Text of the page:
Guide to Portuguese Canned Fish

The practice of preserving food is not new; the preservation of ingredients by dehydration, fermentation or salting are age-old methods. In Portugal, salted cod is one of the best-known examples of canned food, but Portuguese canned fish is not far behind, playing an important role in the country’s history and culture.

History of the Portuguese Canning

Portugal has a long tradition of canning fish. As early as the Iron Age, the method of preserving fish in sea salt was practiced in the Iberian Peninsula and used by the Phoenicians, Greeks, Carthaginians and Romans.

Ruins found along the coast, such as the Roman clay pots in Peniche, evidence of a developed salted fish industry of that period. Ancient writings also report the export of fish to Italy, Gaul and North Africa. For many centuries, salted fish remained the preferred method of preservation, but gradually drying and smoking methods became popular.

In the mid-19th century, in 1853 to be precise, the first fish canning company opened in Portugal founded. Years later, spurred on by the two great wars, Portugal greatly expanded its production, providing European countries and their soldiers with easily transportable, nutritious and durable food.

Since then, the Portuguese have been actively involved in the perfecting new preservation techniques and making the product a national specialty. The convenience of canning fish left the theater of war and entered the daily lives of Portuguese families.

In 1983, there were 152 canning factories in Portugal with an annual production of about 34,000 tons and the country was one of the largest exporters of canned fish. But shortly thereafter, in the late 1980s and into the 1990s, the canning industry experienced a terrible decline, many factories and manufacturers closed their doors and canned fish faded into the background in the Portuguese perception.

The renaissance of Portuguese canned fish

After the crisis in the 1990s, the number of canneries fell from 152 to just 20, but today they produce more than 59,000 tons of fish per year. In addition to promoting the economic and health benefits of canned fish, several manufacturers have decided to return to traditional methods and packaging, reviving the colorful and enticing hand-wrapped labels that were popular in the iconic canned fish era. With the explosion of gourmet shops in Lisbon and Porto, many canned fish manufacturers started offering boutique brands of the highest quality fish using the newly designed packaging.

Therefore, canned fish is in fashion today. Wine bars are opening in many capital cities, where canned fish play a starring role, and foodies from all over the world are looking for the best canned sardines, mackerel, tuna or cod.

Top canned fish and seafood in Portugal

Canned sardines are the best known and most traditional of Portuguese canned fish, but they are not the only ones. In Portugal almost all seafood is available canned, including squid, octopus and roe in a variety of recipes and oils. The most common canned fish in Portugal are:

  • Sardines: You are the classic. Also known as sardinhas or petingas (sardines). They are available in olive oil, smoked, with tomato, lemon, pepper and many other ingredients.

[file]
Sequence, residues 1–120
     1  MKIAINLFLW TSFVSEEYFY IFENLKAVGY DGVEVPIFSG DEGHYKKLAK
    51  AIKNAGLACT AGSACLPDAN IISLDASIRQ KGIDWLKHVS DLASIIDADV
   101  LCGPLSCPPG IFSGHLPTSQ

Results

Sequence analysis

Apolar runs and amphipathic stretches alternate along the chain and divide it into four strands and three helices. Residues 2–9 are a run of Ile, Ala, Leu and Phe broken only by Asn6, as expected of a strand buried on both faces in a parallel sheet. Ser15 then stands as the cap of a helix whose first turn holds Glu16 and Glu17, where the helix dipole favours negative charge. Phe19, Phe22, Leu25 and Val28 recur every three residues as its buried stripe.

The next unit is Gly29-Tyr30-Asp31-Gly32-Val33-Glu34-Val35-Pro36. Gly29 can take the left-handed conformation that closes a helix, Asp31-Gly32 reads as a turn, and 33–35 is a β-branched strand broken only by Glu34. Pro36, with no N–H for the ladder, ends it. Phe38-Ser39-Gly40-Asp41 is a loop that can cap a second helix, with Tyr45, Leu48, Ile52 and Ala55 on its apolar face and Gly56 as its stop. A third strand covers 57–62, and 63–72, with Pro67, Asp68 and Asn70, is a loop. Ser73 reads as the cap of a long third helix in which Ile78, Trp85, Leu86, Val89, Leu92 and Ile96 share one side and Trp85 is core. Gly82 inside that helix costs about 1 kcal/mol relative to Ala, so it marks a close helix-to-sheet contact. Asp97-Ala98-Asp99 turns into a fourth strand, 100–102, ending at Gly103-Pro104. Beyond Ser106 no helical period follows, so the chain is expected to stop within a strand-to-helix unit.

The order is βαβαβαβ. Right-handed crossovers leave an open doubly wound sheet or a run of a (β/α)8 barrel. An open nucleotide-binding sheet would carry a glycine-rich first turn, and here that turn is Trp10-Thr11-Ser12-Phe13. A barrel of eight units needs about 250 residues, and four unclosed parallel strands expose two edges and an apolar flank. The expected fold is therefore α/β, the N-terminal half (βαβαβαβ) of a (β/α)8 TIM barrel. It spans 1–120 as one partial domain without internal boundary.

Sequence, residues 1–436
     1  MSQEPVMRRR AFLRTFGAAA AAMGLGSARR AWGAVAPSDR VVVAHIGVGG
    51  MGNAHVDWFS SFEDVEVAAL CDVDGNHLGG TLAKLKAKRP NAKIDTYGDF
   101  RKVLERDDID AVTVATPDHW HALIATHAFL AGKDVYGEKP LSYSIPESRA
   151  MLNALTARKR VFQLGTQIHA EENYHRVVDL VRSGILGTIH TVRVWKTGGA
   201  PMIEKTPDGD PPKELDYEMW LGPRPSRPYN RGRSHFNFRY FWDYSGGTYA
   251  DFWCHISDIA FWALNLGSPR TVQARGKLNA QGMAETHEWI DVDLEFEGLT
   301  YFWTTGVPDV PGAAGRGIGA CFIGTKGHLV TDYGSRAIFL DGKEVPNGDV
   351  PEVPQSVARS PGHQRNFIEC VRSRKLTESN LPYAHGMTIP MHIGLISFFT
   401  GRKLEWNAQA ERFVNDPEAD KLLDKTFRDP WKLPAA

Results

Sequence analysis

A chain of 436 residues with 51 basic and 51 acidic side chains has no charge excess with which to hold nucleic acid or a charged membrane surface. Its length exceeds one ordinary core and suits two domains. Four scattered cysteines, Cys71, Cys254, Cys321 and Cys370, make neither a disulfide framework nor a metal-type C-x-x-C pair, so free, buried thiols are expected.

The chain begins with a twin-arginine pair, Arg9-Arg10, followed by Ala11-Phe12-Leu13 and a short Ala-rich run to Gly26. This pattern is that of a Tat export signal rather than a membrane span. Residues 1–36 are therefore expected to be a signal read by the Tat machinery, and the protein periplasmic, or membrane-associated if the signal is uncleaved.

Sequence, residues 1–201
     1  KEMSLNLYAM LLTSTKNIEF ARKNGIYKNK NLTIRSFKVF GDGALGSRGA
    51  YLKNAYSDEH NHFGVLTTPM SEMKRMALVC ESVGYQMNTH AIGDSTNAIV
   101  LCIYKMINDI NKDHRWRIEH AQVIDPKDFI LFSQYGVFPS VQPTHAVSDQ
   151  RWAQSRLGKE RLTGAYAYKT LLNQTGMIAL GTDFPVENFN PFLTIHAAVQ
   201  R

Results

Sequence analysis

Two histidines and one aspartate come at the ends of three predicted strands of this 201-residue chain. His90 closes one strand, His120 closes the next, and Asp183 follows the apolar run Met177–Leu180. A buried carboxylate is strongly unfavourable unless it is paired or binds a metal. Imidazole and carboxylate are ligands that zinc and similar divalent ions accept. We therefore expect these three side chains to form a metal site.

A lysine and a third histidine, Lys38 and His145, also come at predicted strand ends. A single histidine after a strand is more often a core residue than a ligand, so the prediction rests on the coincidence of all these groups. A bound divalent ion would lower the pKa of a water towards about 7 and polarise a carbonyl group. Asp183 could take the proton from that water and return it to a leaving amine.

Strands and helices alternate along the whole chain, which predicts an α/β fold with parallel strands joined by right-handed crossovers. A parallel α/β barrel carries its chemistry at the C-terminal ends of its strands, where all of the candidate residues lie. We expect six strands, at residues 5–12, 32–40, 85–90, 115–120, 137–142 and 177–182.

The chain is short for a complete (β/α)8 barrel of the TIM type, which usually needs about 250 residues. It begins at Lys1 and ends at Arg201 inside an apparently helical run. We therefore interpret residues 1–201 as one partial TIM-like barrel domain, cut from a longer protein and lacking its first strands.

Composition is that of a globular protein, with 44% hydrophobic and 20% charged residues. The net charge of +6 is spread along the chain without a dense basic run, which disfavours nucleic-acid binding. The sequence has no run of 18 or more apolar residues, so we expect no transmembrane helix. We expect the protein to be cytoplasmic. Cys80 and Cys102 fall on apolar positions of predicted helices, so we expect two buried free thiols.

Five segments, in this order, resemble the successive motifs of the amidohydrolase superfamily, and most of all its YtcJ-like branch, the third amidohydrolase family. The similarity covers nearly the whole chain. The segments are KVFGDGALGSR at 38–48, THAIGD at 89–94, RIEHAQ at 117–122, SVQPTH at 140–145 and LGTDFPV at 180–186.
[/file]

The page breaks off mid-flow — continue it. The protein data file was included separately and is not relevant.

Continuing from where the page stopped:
• Sardine roe: also known as Portuguese caviar. They are pickled in olive oil and usually served with buttered toast. A real delicacy.
  • Octopus: mostly simple seasoned with olive oil or already seasoned with garlic or tomato sauce. It’s worth eating them straight from the can or cooking them the Portuguese way by basting the potatoes with their own sauce.
  • Tuna: Not comparable to the tuna you find in big supermarkets. In Portugal, there are high-quality canned tuna pieces. Try the canned tuna belly, the juiciest part of the fish.
  • Mackerel: good for everything. Also known as Cavalha or Cavalinha (lesser mackerel). It is usually preserved in fillets, similar to canned tuna, but juicier and with a more intense flavor.
  • Squids: This delicacy goes even further, it is practically a dish in a can, the calamari are served with a sauce based on tomato, onion, pepper and olive oil , there are also versions only with olive oil.
  • Cod: Portugal should not be missed. It can be found in a variety of preparations. From the version with olive oil to more elaborate recipes such as Portuguese-style cod with garlic and oil.

How is Portuguese canned fish made?

The production of canned fish may vary from one cannery to another, but it basically consists of the following steps:

  1. Before the start of production, a sensory quality analysis is carried out to evaluate the smell and texture and to determine if the fish is suitable for canning. (2) Manufacturing starts with pickling the fish in brine; the duration depends on the salinity of the water and the quality of the fish or shellfish.
  2. the parts that are not to be preserved are removed and the Fish is canned. At this stage, sauces or oil are added until the can is completely filled, then the cans are hermetically sealed to prevent air from entering.
  3. Finally, the cans are sealed and heated to over 100 degrees Celsius. In this part of the process, the fish is cooked and the cans sterilized so that the product can be preserved without the addition of preservatives.

Portuguese canned fish gifts

With their vintage look and packaging that tells the story of the country, the canned sardines have become an icon of Portuguese industrial design and has become a symbol of the country’s gastronomic culture. And they make a great souvenir. Nowadays you can find tins with funny prints, retro designs, dates and historical events.

In this way, Portuguese canned fish have become one of the best-selling souvenir products for travelers to Portugal.

By missionbarandtapas

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